Genomic analysis of human adenovirus type 4 (HAdV-E4FS1). A) The genome sequence of HAdV-E4FS1 contains a recombination event revealed with the Bootscan option of Simplot. SAdV-E26 is a simian (chimpanzee) adenovirus (SAdV) and HAdV-B16 is a human adenovirus. For reference, three viral shell protein coding regions are noted along the top, with the percent identity of the sequences along the y-axis and the genome nucleotide positions along the x-axis. The recombinant hexon, comprising a majority of the shell, is found in four HAdV-E4 genomes sequenced. These four viruses were isolated from patients with acute respiratory disease, spanning fifty-two years, i.e., 1952 (‘p’ for prototype), 1962 (‘vac’ for vaccine strain), 2003 (‘FS1’ for field strain 1) and 2004 (‘FS2’). This interspecies recombination, reported here for the first time, between two HAdV species (B and E) may have enabled a successful zoonosis. B) The 5’-end ‘Inverted Terminal Repeat’ contains conserved DNA replication motifs (core, NF-I and NF-III), as shown for six SAdVs, five HAdV-E4s and three HAdV-Bs; the latter eight cause acute respiratory disease in humans. The ‘B’ and ‘E’ notations denote the species group of HAdV. Host-supplied human transcription factor NF-I is required for optimal adenoviral replication, and is recombined into recent HAdV-E4 genomes. ‘Jax’ is a HAdV-E4 strain isolated in 1978 (partially sequenced). It is thought the mid-1970s represents a transition point, with this second recombination event expediting the molecular adaptation of a former chimpanzee virus to a human host, with HAdV-E4 now causing epidemics in both military and civilian populations world-wide.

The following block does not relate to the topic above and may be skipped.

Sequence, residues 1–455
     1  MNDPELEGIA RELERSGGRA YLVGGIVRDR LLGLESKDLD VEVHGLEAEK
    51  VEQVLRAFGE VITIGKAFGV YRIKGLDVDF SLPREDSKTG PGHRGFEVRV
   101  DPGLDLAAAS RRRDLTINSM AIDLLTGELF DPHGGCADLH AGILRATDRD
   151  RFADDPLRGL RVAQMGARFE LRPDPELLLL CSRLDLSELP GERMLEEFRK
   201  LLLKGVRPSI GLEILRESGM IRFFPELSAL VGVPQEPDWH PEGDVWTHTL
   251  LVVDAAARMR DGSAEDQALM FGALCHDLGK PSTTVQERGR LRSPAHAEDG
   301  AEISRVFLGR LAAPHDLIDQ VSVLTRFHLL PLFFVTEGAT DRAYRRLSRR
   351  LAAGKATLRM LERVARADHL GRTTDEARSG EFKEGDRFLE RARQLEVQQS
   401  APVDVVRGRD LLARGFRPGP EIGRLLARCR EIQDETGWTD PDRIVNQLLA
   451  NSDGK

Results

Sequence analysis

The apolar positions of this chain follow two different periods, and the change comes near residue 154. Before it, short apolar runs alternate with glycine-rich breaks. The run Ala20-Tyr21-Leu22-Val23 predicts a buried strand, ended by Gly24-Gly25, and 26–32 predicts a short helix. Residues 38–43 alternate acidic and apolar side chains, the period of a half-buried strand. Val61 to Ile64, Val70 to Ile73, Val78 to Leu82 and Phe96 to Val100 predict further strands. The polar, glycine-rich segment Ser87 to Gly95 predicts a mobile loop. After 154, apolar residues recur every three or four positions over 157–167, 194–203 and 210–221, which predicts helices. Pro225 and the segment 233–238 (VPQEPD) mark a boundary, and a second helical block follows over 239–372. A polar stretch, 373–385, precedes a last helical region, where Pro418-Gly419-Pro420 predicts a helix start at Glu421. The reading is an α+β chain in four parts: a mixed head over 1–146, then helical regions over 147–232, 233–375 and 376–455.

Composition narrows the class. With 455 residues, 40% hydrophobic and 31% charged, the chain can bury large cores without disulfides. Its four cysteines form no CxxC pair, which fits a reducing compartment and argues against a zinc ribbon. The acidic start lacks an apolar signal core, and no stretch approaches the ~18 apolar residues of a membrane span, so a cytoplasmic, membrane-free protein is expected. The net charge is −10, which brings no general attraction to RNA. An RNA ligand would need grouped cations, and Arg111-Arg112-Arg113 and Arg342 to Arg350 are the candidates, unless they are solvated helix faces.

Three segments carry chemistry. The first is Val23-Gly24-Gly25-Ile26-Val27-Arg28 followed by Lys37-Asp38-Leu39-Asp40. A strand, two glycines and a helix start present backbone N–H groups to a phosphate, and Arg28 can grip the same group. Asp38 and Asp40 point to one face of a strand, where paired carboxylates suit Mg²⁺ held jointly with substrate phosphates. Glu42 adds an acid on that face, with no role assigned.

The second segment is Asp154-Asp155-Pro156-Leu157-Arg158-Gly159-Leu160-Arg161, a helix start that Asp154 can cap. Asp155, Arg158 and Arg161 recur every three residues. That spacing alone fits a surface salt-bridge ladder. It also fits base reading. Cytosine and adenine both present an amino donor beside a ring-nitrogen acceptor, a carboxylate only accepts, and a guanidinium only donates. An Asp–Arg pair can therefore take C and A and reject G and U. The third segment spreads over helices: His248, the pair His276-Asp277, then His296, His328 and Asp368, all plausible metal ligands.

Introducing the authors

Professor Donald Seto discusses data with graduate student Amirhossein Shamsaddini (left) and research scientist Shoaleh Dehghan (right). Photo by George Mason University, Creative Services.

Professor Donald Seto discusses data with graduate student Amirhossein Shamsaddini (left) and research scientist Shoaleh Dehghan (right). Photo by George Mason University, Creative Services.

About the research

Computational analysis of four human adenovirus type 4 genomes reveals molecular evolution through two interspecies recombination events

Virology, Volume 443, Issue 2, 1 September 2013, Pages 197-207
Shoaleh Dehghan, Jason Seto, Elizabeth B. Liu, Michael P. Walsh, David W. Dyer, James Chodosh, Donald Seto

Read the full article on ScienceDirect.